Thursday, December 2, 2010

Winter Solstice

Great post by Bill Steffans describing the winter solstice.

Winter Solstice

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Tornado Recap

Tornadoes are characterized by the very low pressure in the center of the twister and tornadoes have the largest pressure differences (inside of tornado vs. surrounding air) of any weather phenomena. Tornadoes occur during the warmer months in Michigan and typically in late afternoon/ early evening.

Weather 2 Review

When you are standing on the ground the atmosphere above you is exerting pressure on you. This pressure is exerted in all directions ( remember demo with pop bottle and collapsing pop can). The pressure map (above right) shows the isobars, lines that connect points of equal pressure (std pressure 1013mb), This difference in pressure generates winds as the air moves horizontally from an area of high pressure to an area of low pressure. The closer these isobars are to each other, steep pressure gradient, the stronger the wind. remember these differing areas of pressure are caused by the unequal heating of the Earth's surface by the Sun. In the northern hemisphere low pressure systems blow counterclockwise toward the center- rising air. High pressure systems blow out from the center and rotate clockwise.

Winds are influenced by friction with the Earth's surface and the Coriolis effect, above left. TheCoriolis effect influences the direction of the wind. In the northern hemisphere all free-flowing objects are deflected to the right and in the southern hemisphere to the left.

If you recall from our daily weather reports low pressure systems, mid-latitude cyclones, move from west to east across the United States. Low pressures, also known as cyclones, typically produce precipitation. High pressure systems, anticyclones, typically produce fair-weather. Also, remember from our daily weather reports that these systems are also steered by the jet stream- a high altitude, high velocity wind.

Global and Local Winds,

Global winds are produced by the global pressure zones which encircle the Earth. These pressure zones are associated with certain world climate- such as the rain forest in the equatorial low and the world's great deserts in the sub-tropical high. Refer to your diagrams. These global winds are prevailing winds in that they constistantly blow from the same direction. Ex, the prevailing westerilies blow from the west.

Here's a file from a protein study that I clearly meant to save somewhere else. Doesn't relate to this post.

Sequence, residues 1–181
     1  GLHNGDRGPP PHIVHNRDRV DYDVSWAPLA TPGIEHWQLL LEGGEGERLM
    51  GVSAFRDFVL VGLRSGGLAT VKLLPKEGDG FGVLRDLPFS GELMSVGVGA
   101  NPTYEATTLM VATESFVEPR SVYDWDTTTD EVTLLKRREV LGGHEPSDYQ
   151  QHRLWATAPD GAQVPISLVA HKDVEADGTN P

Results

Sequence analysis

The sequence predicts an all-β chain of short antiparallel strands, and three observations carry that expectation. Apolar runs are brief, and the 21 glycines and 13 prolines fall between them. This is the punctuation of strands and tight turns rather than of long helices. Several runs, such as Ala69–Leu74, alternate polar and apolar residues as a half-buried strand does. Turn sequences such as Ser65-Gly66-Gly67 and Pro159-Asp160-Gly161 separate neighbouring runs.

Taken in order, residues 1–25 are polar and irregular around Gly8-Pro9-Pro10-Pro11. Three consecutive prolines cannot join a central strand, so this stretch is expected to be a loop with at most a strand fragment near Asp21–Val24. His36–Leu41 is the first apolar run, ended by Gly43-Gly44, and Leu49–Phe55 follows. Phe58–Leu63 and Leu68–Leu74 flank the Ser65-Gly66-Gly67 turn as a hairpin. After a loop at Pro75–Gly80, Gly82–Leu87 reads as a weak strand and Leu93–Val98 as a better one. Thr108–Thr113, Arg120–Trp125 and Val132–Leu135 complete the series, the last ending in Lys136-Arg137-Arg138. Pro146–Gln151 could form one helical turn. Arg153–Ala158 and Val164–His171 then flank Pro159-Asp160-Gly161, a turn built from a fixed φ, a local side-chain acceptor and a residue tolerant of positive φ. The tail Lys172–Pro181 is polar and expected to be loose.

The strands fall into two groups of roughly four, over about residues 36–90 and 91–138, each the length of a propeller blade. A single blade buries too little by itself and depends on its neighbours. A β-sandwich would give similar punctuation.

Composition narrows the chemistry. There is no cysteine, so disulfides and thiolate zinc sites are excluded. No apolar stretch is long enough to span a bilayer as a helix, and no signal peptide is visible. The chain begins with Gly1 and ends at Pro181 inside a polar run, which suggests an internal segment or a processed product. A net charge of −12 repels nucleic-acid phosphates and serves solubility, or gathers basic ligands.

Global winds distribute heat and moisture around the globe. Warm air will move towards the pole and cold air moves towards the equator.

Local Winds
These are small scale winds such as mountain, land and sea breezes which are found throughout the world on in certain areas. These winds develop because of heating of land and water and weak pressure differences are produces creating these breezes. Be sure to look at your diagrams.

An  anemometer is used to measure windspeed, a barometer is used to measure pressure.

El Nino, La Nina
Check this link for information on Pacific Ocean surface temperature changes. These surface water changes impact the climate, fishing and farming practices in South America and to a lesser extent in the US.

Mid-latitude Wave/Cyclone

Let's look at some of the features of a mid-latitude cyclone
  • fronts are the boundries between cold and warm air masses.
  • cold fronts are represented by triangles/ warm fronts semicircles.
  • review stages in the development of a mid-lititude cyclone
  • warm air is always forced upwards by cold air, along the cold front
  • this upward movement of air along a cold front causes heavy short lived precipitation
  • these cyclones create a great number of thunderstorms.

Tornadoes and Hurricanes

Hurricanes - above left
  • hurricanes are very large low pressure systems
  • most hurricanes that strike the US track along the East Coast or Gulf of Mexico basin
  • check this link for more info
  • hurricanes need warm moist air for fuel
  • when hurricanes strike land the lack of warm moist air and friction causes it to lose energy
    interesting to note the "eye" has the warmest temperatures
  • the heavy rains and fastest winds are found in the NE quadrant of a hurricane.
    storm surge is the flooding that is associated with a hurricane.
Tornadoes - above right
  • very high wind speeds, Fujita scale
  • has the greatest range of pressure
  • tornadoes are very intense low pressure areas
  • check this link for more info

Air Masses

Air Masses- are immense bodies of air that have similar properties at a given altitude. Air masses take on the properties over which they form, of which there are two- temperature and moisture. The diagram above shows the air masses which impact the continental United States. Air masses are identified by a combination of two letters, the first letter is lower case  the second letter is upper case.

  • m - maritime, forms over water will contain moisture
  • c - continental, forms over land will be drier.
  • T - tropical, forms in warmer regions
  • P - polar, forms in colder regions
  • A - arctic, forms in very cold regions.
For example an air mass that forms over land in Canada would be labeled cP. The two air masses that have the greatest effect on the US are cP and mT.


Picture above illustrates the rain shadow effect in mountain areas. Remember our discussion on the "adiabatic" process. The change in temperature due to a change of pressure. Also the leeward side of mountain ranges in the US is typically the east side.

Greenhouse gases - the burning of fossil fuels releases carbon dioxide. CO2 is an important gas as it absorbs radiation that is emitted by the Earth.